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Greenpeace: Apple continues to lead on renewable energy

In response to Apple’s release of its 2018 Environmental Progress Report, announcing, among other things, the company’s new recycling robot, “Daisy,” Greenpeace USA Senior IT Sector Analyst Gary Cook issued the following statement:

Apple’s latest environment report highlights the company’s continued leadership in aggressively deploying renewable energy to tackle the greenhouse gas footprint of not only its own operations, but also its suppliers who are responsible for the vast majority of its emissions. Apple’s leadership on climate change contrasts sharply with its main competitor, Samsung Electronics, who currently operates on only 1% renewable energy.

This year’s report also contains important new details on which materials Apple is prioritizing for to source from recycled materials in pursuit of its long-term commitment to a 100% closed loop supply chain.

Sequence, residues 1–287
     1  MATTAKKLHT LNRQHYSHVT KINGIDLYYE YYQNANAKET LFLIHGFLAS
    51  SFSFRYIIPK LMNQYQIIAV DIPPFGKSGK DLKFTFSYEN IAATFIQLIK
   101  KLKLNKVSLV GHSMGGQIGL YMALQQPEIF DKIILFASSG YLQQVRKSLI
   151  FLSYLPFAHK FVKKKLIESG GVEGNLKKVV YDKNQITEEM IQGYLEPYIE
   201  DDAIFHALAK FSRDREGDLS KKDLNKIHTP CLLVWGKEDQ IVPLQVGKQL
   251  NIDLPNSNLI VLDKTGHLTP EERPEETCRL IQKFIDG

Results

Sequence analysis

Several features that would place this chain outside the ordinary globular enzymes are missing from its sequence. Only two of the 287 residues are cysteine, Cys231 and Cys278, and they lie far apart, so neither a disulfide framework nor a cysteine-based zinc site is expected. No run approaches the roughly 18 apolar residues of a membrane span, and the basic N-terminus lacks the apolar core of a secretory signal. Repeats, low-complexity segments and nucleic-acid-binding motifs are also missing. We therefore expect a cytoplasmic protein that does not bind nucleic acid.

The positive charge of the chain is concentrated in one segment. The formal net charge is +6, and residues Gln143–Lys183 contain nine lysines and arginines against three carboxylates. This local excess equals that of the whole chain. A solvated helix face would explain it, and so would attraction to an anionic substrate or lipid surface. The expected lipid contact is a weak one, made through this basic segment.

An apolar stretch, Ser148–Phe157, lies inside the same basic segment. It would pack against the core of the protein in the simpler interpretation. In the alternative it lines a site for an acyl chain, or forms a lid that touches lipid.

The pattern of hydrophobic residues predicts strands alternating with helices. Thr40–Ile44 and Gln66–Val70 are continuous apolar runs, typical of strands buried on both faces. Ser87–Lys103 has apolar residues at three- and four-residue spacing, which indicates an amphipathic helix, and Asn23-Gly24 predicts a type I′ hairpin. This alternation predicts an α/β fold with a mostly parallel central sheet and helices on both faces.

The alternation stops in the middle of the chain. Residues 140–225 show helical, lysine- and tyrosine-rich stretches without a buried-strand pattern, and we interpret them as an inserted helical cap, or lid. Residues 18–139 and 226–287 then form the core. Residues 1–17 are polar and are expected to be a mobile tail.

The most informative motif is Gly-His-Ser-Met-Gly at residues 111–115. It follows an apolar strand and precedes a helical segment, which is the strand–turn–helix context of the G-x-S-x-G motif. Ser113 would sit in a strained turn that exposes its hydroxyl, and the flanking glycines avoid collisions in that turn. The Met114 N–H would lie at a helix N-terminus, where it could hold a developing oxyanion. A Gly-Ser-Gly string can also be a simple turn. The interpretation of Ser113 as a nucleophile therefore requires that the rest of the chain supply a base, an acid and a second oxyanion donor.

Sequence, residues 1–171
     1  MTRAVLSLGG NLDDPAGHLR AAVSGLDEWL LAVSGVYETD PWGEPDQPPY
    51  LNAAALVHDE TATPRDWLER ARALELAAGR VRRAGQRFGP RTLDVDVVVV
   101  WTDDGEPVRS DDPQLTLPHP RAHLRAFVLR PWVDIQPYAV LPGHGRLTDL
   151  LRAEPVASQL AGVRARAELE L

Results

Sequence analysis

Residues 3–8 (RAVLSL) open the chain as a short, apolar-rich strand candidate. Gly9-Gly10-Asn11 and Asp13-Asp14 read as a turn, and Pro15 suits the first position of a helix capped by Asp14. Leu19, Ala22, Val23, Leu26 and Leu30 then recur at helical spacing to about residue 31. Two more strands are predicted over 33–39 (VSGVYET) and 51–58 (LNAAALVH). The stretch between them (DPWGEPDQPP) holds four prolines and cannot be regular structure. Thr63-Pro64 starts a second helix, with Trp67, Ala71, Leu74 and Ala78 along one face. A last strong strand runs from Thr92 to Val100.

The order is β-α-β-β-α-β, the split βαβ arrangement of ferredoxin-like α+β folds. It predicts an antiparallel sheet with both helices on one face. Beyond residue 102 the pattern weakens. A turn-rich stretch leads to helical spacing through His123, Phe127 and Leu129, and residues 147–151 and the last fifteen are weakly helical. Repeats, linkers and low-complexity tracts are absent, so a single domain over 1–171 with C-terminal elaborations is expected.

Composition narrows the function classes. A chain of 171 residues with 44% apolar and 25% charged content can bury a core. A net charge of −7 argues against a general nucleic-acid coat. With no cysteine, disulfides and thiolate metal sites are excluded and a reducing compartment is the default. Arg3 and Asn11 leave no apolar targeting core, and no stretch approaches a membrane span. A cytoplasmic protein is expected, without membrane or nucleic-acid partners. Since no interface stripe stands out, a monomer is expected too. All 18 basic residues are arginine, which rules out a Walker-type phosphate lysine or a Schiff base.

Apple’s introduction of ‘Daisy,’ its new recycling robot, to assist in the disassembly of iPhones for recycling highlights the potential to innovate electronics recycling to significantly improve material recovery at end of life. However, most recycling will occur through independent recyclers that are beyond Daisy’s likely reach.

Rather than another recycling robot, what is most needed from Apple is an indication that the company is embracing one of its greatest opportunities to reduce its environmental impact: repairable and upgradeable product design. This would keep its devices in use far longer, delaying the day when they’d need to be disassembled by Daisy.  Customers want to keep their devices longer, as evidenced by a 3 to 4 week wait for a battery replacement at Apple retail stores earlier this year, when Apple was compelled to dramatically reduce the replacement cost.

We also applaud Apple’s efforts to reduce packaging and maximize recycled content. As Apple continues to grow and replace plastic packaging with paper, it is more important than ever to have high standards for the wood products it buys. Apple should not rely on the Programme for the Endorsement of Forest Certification (PEFC) to ensure its paper is “responsibly” sourced.


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the authorDennis Sellers
Dennis Sellers is the editor/publisher of Apple World Today. He’s been an “Apple journalist” since 1995 (starting with the first big Apple news site, MacCentral). He loves to read, run, play sports, and watch movies.
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